I stare at the first four words of the letter I’m writing.
I am a Visionary.
I put pen back to paper and continue.
The majority of my life has been spent watching others’ lives end. My body used as a signal to Death when it is time for someone to leave our world. The night of my eighteenth birthday I watched my two best friends die in a car accident. I didn’t know what I was then.
I thought the tragedy with my friends was nothing more than a case of really fucked up deja vu until not long after it happened again. I was at my mother’s house when she said, “Honey, what’s wrong with your eyes? Go look in the mirror.”
An image of my mother on the kitchen floor clutching her chest flashed inside my head.
“Hey, are you okay?” she asked.
My vision of her blinked away. “Yeah, I’m fine, Mom. Let me go look.” Had I known then what was about to happen … not that I could’ve done anything about it.
My reflection in the bedroom mirror stared back, my pupils no longer round, but shaped like the ace of spades. The sound of my mother dropping a pot in the kitchen reverberated in the house. A moment later I stood transfixed as my eyes returned to normal. She was dead before I walked back in the kitchen, a massive heart attack the doctor told me later.
I knew I was different and began to piece it all together after a few more visions. My ace of spade eyes showed me a person in their last moments, then returning to normal when the deed is done. Sometimes Death doesn’t come for a couple of hours so I started carrying sunglasses to hide my spades. I learned to read the subtle changes in my body to know when my eyes were normal and my wait for the next person began.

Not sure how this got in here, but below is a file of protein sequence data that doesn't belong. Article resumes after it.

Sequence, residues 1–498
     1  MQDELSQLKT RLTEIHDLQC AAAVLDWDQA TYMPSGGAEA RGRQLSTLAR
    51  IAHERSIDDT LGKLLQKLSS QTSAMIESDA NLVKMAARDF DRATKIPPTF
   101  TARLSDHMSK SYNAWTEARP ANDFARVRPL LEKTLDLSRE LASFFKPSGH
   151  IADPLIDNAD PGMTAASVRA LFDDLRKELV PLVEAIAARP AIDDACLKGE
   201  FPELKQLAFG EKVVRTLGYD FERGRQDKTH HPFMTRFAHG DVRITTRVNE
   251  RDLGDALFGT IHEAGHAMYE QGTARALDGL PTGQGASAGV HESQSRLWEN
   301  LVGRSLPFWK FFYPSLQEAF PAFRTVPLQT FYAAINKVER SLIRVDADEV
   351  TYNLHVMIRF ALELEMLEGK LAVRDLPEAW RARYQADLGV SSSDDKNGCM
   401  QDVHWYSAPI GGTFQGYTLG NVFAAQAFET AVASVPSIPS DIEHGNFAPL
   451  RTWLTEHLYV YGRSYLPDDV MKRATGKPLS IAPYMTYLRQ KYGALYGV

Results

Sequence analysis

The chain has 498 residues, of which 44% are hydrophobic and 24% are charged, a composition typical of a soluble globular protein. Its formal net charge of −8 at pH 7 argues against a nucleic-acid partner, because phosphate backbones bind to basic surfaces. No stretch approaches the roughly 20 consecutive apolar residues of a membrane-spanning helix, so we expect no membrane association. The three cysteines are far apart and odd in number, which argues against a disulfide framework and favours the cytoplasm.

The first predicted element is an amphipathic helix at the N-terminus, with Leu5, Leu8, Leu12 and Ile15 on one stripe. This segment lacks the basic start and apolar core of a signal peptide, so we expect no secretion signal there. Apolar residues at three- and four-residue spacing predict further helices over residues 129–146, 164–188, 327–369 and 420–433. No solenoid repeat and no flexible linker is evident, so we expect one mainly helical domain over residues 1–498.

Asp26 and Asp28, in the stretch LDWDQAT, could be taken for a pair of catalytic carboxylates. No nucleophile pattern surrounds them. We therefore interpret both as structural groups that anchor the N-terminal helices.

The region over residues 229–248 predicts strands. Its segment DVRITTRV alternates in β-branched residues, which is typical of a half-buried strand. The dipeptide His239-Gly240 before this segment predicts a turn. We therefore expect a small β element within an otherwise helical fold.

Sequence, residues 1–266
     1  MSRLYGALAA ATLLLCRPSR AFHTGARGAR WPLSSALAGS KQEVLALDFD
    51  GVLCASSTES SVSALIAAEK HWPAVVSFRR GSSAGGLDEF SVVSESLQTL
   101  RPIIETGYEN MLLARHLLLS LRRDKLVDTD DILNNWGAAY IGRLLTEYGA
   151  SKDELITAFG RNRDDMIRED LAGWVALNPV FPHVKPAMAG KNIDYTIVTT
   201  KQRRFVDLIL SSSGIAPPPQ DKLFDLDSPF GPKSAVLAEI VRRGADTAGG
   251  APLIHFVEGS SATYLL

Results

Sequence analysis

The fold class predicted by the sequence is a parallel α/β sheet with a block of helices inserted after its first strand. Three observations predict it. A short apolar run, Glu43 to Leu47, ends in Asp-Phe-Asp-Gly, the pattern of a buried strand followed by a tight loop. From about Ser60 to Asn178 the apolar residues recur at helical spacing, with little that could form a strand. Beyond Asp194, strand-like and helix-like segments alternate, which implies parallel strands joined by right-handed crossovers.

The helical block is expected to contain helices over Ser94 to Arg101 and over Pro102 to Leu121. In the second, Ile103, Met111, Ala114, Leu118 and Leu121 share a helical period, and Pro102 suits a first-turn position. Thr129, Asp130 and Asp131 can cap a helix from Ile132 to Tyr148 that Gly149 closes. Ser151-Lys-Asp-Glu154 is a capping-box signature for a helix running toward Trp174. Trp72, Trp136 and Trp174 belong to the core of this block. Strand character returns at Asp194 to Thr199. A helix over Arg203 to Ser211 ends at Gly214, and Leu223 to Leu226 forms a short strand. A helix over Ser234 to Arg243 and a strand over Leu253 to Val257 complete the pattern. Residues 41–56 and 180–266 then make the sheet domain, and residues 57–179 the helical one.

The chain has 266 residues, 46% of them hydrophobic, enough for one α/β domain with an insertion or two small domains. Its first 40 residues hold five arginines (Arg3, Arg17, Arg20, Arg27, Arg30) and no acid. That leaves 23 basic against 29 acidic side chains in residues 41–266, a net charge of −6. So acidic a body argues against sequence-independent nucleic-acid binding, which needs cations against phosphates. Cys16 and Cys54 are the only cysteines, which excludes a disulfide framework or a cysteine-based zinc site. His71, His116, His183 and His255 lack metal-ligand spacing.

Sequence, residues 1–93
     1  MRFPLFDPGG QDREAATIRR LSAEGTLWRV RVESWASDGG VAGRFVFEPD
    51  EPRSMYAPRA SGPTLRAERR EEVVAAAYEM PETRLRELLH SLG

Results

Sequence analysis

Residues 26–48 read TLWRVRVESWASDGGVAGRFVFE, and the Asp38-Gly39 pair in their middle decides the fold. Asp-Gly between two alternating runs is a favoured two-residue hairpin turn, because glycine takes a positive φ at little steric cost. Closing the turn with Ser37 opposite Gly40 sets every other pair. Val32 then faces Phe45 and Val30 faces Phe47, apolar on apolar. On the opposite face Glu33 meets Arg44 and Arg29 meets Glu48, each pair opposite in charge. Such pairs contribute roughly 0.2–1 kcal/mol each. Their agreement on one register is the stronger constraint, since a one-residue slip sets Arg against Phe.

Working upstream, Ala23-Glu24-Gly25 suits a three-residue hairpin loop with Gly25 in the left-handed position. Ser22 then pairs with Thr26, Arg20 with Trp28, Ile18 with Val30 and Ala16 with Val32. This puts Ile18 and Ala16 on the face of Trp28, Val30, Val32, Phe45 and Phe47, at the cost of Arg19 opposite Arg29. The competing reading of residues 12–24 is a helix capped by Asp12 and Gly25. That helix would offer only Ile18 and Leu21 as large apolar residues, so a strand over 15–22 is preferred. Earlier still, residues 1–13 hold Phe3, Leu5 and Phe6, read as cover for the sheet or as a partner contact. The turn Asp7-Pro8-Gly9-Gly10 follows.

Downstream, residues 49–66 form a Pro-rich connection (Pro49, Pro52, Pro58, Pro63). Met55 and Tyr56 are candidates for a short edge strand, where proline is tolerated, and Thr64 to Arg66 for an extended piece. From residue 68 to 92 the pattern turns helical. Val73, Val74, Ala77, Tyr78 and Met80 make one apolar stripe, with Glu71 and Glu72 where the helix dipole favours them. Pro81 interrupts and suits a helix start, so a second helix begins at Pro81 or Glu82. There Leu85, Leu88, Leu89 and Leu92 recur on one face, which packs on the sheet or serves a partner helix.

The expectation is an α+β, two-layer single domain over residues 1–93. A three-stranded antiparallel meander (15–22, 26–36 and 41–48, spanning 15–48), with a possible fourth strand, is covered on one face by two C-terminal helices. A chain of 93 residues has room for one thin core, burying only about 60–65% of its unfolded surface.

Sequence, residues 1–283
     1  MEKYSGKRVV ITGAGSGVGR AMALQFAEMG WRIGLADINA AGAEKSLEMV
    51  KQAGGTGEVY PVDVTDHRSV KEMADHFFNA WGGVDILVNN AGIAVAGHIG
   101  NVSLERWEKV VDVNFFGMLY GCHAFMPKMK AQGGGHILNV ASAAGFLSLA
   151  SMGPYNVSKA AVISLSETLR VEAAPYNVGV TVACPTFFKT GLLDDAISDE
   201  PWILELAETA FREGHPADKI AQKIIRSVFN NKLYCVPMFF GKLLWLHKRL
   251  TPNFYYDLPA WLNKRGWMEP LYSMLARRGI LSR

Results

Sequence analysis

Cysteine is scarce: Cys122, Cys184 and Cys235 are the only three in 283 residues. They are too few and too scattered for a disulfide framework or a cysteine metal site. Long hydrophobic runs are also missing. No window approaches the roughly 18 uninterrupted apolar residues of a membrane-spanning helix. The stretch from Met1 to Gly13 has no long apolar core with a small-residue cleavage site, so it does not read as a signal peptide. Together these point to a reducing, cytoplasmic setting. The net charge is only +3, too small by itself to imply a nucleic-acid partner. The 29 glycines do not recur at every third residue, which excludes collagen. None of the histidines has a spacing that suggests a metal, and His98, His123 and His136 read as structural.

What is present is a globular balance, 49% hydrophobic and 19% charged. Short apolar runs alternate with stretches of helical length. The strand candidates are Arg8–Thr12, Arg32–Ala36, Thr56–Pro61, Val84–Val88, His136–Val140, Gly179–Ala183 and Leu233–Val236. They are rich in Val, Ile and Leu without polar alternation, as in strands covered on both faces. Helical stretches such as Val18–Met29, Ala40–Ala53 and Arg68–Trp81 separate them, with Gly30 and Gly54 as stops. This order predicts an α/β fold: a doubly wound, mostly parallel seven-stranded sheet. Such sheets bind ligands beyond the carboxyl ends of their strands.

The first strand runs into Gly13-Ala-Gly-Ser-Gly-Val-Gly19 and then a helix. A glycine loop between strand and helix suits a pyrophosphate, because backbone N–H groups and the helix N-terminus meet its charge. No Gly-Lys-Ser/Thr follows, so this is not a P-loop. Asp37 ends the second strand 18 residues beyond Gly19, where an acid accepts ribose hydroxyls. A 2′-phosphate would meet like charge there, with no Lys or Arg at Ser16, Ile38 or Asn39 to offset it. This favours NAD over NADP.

I’ve never met another person like me, but there must be more of us. Right? I can’t be the only one of my kind, can I?
I lean back in the dining room chair, looking over the words I had written. The last two lines hanging there. Years of being alone living with this curse…the final part of the thought slips away from me. There is still so much more I want to say and explain, but I don’t think it’s going to be possible. I run my fingers through my hair, breathing deep. A sharp pain shoots through my still-raw throat, reminding me of the acidic bile that had filled the toilet in the airport bathroom. I couldn’t handle the visions, it was too much for me, too many people. Men, women, children, I watched them all boarding. My body was shaking as I tried to calmly walk out of the airport when all I wanted to do was run. I couldn’t speak to warn anyone, and even if I could, no one would have believed me.
When I got home I didn’t need to turn on the television to learn what happened. I felt the all-telling subtle shift within me. All of them are gone, and now …
I can barely keep my eyes open. Pushing the chair back, I get up from the table, leaving the letter sitting next to the empty pill bottle. I waver and put my hand on the wall to steady myself. My eye lids are heavy and it takes all my effort to make it the last few feet to the bathroom. Something about this feels very familiar. I slowly look up and see myself in the mirror.
The ace of spades stares back at me.
∼ Mark Steinwachs
© Copyright Mark Steinwachs. All Rights Reserved.